An assembly of students come together to raise their hands and hearts to their savior, Jesus Christ. They gather around a praise and worship band and move physically and emotionally with the music.
Members lift their heads toward the ceiling and welcome the Lord into their lives with everlasting conviction.
Every Wednesday, the members of Chi Alpha gather in the K-State Student Union Little Theatre to grow closer to Christ through fellowship. At 7 p.m., band members tune their instruments, and a flow of diverse individuals enter the theater. All carry a smile and warm embrace.
Bryan Elliot, Chi Alpha director, said the group of 50-60 students who attend the weekly meetings has grown in the past years in number and in spirit.
“I’ve seen students have their futures radically altered,” Elliot said. “Last year we had a Japanese student that was an agnostic and just wanted to experience American culture, so he came. He ended up becoming a believer and getting baptized the week before he went back to Japan.”
Jonathan Culver, freshman in civil engineering, recently joined Chi Alpha and said he already has seen Christ work in him through the fellowship.
“I felt more in touch with the students because they were students and not adults,” Culver said. “To come to a place with just students is great. I’ve been able to talk to more people spiritually about God. I’m more open.”
During college, Culver said he plans to become an intricate part of Chi Alpha as he works to become an alumnus of the group and eventually a youth leader and member of the worship team.
“Whether you’re saved, you know Christ, you don’t know Christ or you want to know Christ, you can still come,” Culver said. “We’re all students. We’re all family – one big goofy family. God changes people in big ways. I wouldn’t be here if it weren’t for him.”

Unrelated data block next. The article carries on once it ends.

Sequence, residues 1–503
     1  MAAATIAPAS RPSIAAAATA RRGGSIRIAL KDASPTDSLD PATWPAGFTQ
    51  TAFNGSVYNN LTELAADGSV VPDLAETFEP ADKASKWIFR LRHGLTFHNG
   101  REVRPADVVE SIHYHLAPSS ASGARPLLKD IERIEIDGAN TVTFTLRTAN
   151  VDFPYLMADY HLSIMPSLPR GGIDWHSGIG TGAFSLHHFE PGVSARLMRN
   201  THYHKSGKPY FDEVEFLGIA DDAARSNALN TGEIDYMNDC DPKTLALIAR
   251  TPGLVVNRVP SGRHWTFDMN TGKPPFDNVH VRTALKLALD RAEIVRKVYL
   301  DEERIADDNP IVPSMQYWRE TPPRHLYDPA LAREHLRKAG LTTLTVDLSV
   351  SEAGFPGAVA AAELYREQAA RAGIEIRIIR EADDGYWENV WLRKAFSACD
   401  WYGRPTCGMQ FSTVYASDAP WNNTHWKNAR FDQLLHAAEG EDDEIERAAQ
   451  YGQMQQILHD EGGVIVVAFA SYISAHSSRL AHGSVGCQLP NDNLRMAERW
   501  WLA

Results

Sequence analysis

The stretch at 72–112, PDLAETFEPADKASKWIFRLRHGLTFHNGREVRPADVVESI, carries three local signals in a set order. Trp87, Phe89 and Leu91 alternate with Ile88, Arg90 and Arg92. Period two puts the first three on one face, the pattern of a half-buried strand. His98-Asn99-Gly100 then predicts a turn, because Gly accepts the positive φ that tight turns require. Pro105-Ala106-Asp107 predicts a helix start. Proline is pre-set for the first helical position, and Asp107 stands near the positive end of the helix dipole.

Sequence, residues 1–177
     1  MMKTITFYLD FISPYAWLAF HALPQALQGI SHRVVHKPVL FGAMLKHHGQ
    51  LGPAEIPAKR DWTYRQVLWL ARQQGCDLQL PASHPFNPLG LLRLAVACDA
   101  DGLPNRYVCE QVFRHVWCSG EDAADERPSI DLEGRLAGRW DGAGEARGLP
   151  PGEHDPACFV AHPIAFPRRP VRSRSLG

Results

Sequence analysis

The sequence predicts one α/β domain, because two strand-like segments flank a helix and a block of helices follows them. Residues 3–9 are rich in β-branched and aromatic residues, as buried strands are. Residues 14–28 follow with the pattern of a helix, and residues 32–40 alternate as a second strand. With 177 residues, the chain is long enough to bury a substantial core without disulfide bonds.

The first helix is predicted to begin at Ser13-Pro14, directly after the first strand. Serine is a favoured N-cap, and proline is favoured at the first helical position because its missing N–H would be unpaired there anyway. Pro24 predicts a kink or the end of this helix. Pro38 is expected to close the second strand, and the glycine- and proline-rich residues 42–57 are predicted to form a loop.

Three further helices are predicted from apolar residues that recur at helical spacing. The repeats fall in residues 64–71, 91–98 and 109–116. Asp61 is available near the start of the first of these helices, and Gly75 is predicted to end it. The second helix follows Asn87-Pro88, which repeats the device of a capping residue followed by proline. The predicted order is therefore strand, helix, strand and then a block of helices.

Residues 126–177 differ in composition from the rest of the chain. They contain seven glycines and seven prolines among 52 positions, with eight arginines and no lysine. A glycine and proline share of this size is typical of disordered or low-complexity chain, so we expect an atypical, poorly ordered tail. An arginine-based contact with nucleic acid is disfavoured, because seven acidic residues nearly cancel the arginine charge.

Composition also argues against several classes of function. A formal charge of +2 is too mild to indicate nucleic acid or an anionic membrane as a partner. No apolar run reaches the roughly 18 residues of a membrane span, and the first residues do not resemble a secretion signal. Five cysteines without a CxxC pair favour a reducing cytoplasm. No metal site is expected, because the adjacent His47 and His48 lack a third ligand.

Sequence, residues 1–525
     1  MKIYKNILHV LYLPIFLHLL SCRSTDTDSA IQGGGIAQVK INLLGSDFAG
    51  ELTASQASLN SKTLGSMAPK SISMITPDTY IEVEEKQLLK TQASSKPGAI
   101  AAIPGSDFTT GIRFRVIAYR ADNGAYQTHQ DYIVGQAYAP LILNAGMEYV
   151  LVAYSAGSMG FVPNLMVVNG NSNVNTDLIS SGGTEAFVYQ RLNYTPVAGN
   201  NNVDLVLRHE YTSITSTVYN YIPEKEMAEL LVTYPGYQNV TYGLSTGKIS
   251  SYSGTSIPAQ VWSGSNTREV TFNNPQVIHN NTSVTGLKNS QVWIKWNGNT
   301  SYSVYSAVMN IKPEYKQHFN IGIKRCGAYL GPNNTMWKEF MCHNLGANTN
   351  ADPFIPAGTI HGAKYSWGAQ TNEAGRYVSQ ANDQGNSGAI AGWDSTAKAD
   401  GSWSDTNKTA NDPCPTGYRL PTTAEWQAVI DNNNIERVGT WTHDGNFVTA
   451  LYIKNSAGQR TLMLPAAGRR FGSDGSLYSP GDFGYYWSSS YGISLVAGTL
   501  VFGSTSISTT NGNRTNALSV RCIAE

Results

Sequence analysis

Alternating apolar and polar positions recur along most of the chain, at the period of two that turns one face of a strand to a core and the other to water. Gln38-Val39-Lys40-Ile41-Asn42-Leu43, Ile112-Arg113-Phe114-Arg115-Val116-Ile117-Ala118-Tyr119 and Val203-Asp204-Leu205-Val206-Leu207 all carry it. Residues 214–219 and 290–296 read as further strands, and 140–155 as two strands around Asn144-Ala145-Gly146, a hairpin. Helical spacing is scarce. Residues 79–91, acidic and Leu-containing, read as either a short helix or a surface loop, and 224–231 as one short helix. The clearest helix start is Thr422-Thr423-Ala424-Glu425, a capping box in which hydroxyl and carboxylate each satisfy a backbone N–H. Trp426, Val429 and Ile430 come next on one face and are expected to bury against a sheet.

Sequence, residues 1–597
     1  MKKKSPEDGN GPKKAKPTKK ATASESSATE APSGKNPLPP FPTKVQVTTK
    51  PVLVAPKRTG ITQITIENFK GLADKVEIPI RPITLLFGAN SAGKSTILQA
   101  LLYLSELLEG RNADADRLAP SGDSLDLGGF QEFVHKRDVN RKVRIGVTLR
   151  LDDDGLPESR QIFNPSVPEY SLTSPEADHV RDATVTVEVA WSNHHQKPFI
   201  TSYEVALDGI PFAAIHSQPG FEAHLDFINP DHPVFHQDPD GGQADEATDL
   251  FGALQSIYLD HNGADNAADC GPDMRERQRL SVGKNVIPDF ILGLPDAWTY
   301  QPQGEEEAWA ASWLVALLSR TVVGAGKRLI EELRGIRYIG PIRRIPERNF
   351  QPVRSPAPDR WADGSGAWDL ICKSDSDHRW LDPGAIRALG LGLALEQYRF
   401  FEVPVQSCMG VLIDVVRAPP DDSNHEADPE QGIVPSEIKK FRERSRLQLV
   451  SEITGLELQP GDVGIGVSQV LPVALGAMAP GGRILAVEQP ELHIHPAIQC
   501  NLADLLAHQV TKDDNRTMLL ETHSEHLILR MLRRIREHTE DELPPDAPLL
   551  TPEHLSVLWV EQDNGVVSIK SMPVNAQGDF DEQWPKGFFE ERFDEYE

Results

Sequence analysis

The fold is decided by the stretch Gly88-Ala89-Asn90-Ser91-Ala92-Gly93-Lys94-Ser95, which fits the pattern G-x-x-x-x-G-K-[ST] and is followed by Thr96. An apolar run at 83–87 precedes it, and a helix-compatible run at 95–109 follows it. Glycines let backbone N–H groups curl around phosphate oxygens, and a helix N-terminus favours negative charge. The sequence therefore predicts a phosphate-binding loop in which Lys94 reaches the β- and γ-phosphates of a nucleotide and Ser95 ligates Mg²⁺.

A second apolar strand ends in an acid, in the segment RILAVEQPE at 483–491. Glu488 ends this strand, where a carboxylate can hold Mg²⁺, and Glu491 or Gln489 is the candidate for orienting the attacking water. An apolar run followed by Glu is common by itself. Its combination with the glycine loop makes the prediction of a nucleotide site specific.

The connection with God that Chi Alpha presents to its members stays with them long after they have graduated college. Brett Lohr, Chi Alpha student coordinator, is an example of the bond.
Lohr graduated from K?State in December 2005 and said his dedication to Chi Alpha was not as strong during his college career as it is today.
“It’s been pretty much amazing,” Lohr said. “Chi Alpha, for me, has created the realization that as a Christian I have a responsibility to take action. I actually was an alumni before I became really involved and we went to World Mission Summit to impress the importance of missions throughout the world, and it hit me then that I hadn’t done anything to change the world.”
Chi Alpha is an outreach, Lohr said. The “mission mindset” of the group focuses on what it can do for the rest of campus. Next fall, Lohr said he plans to participate in an internship and eventually head up a Chi Alpha of his own.
“The two overriding Biblical commands are to love God and love everyone else,” Lohr said. “It’s a really easy command when you get down to it.”
New and old members of Chi Alpha said they share a love for the Lord and also the rest of the world. Members said the group always welcomes new members to share in their fellowship and relationship with God.
“If they’re not a Christian, I hope they have an accurate interpretation of Jesus Christ and an open invitation,” Elliot said. “If they are a Christian, I want them to have a deeper relationship with Jesus Christ. Wherever they are on the spectrum, I want them to grow deeper.”